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Covid-19: US cases rise while vaccinations increase

BMJ 2021; 372 doi: https://doi.org/10.1136/bmj.n850 (Published 29 March 2021) Cite this as: BMJ 2021;372:n850

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  1. Janice Hopkins Tanne
  1. New York, USA

The US reported more than 61 000 cases of covid-19 per day in the past week, an increase of 12% over the average two weeks ago, even as vaccinations were increasing to about 2.5 million a day, according to the New York Times.1

Cases are high and rising in 26 states and are increasing in three other states that had a low number of cases. As of 28 March, there have been more than 30.2 million cases of covid-19 and 548 000 deaths in the US.

The US is in a race between vaccinating people and the increasing number of cases, a particular worry as variants are spreading. So far, about one third of Americans (91 million) have had at least one dose of the approved vaccines: the two dose Pfizer BioNTech and Moderna vaccines and the single dose Johnson and Johnson vaccine. Most states expect to meet President Joe Biden’s promise of making all Americans eligible for vaccination by 1 May.2

The Biden administration announced a $10bn (£7.23bn; €8.48bn) investment to expand access to vaccines, especially to communities that are hardest hit and at high risk. The funding will increase vaccine access to communities of colour, rural areas, and populations with low incomes.3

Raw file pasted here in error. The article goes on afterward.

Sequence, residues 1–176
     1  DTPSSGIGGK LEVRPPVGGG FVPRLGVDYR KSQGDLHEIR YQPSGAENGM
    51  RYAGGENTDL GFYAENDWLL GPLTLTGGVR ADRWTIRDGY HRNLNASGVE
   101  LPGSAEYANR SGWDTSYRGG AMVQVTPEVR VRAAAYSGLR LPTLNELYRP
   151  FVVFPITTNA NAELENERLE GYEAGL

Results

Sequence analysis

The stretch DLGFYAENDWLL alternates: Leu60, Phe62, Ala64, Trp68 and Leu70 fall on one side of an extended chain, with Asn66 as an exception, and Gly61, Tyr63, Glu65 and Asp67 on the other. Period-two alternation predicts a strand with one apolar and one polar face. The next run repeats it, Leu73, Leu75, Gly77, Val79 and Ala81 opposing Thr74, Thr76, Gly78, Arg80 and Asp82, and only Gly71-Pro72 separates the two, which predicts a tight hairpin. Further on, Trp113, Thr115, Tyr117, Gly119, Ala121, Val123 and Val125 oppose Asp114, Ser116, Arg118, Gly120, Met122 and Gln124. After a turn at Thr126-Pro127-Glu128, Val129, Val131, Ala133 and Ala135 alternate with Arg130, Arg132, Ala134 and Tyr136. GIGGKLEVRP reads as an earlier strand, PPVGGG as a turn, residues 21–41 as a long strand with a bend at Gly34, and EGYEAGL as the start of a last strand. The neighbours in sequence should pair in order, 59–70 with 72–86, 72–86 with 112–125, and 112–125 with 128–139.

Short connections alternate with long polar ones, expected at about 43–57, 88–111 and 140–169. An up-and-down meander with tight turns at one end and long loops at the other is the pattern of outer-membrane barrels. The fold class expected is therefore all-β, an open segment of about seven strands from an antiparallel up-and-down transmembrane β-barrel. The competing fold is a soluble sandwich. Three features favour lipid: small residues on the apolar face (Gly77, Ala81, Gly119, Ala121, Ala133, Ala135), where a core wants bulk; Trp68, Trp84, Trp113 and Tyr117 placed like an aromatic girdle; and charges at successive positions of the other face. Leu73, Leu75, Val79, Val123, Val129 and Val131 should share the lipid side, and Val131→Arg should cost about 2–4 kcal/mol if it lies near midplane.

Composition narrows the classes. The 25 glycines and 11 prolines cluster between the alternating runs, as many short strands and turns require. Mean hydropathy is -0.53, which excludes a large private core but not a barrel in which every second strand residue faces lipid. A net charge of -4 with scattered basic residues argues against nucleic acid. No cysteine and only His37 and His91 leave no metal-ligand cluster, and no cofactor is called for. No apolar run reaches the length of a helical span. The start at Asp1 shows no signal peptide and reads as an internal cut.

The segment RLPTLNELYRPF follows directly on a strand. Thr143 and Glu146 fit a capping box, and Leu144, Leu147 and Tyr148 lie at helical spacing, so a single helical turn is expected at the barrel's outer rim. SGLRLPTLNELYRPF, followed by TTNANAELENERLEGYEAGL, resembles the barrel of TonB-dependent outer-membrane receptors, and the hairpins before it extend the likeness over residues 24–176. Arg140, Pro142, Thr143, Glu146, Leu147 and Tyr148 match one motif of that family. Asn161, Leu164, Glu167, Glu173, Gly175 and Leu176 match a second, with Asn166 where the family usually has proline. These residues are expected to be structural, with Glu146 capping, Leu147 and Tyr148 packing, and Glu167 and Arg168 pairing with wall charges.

There are concerns, however, that Johnson and Johnson may not be able to deliver the 20 million doses of its vaccine promised by the end of this month, and might not be able to ship the doses before late April.4 The Food and Drug Administration gave an emergency use authorization for a Catalent Pharma plant in Indiana to produce and ship the Johnson and Johnson vaccine, increasing the supply.5

Many states have been reopening fully and lifting rules on mask wearing and crowds despite warnings from Anthony Fauci, director of the National Institute of Allergy and Infectious Diseases, and Rochelle Walensky, director of the Centers for Disease Control and Prevention. They both urged people to continue wearing masks, keeping their distance, and avoiding crowds.

Fauci said he was often asked if the US was turning the corner on the pandemic. He said, “My response is that we are at the corner. Whether or not we turn the corner remains to be seen. We do have a lot of challenges in front of us regarding the high level of daily infections.” Walensky said she was enthusiastic about the pace of vaccinations but said, “What concerns me is what is happening with the spring breakers and people who are not continuing to implement prevention strategies.”6 After Florida lifted most of its restrictions, large numbers of young people gathered in Miami Beach last week during spring break (a vacation period for students), prompting the city to declare a state of emergency and call in armed police to break up crowds.7

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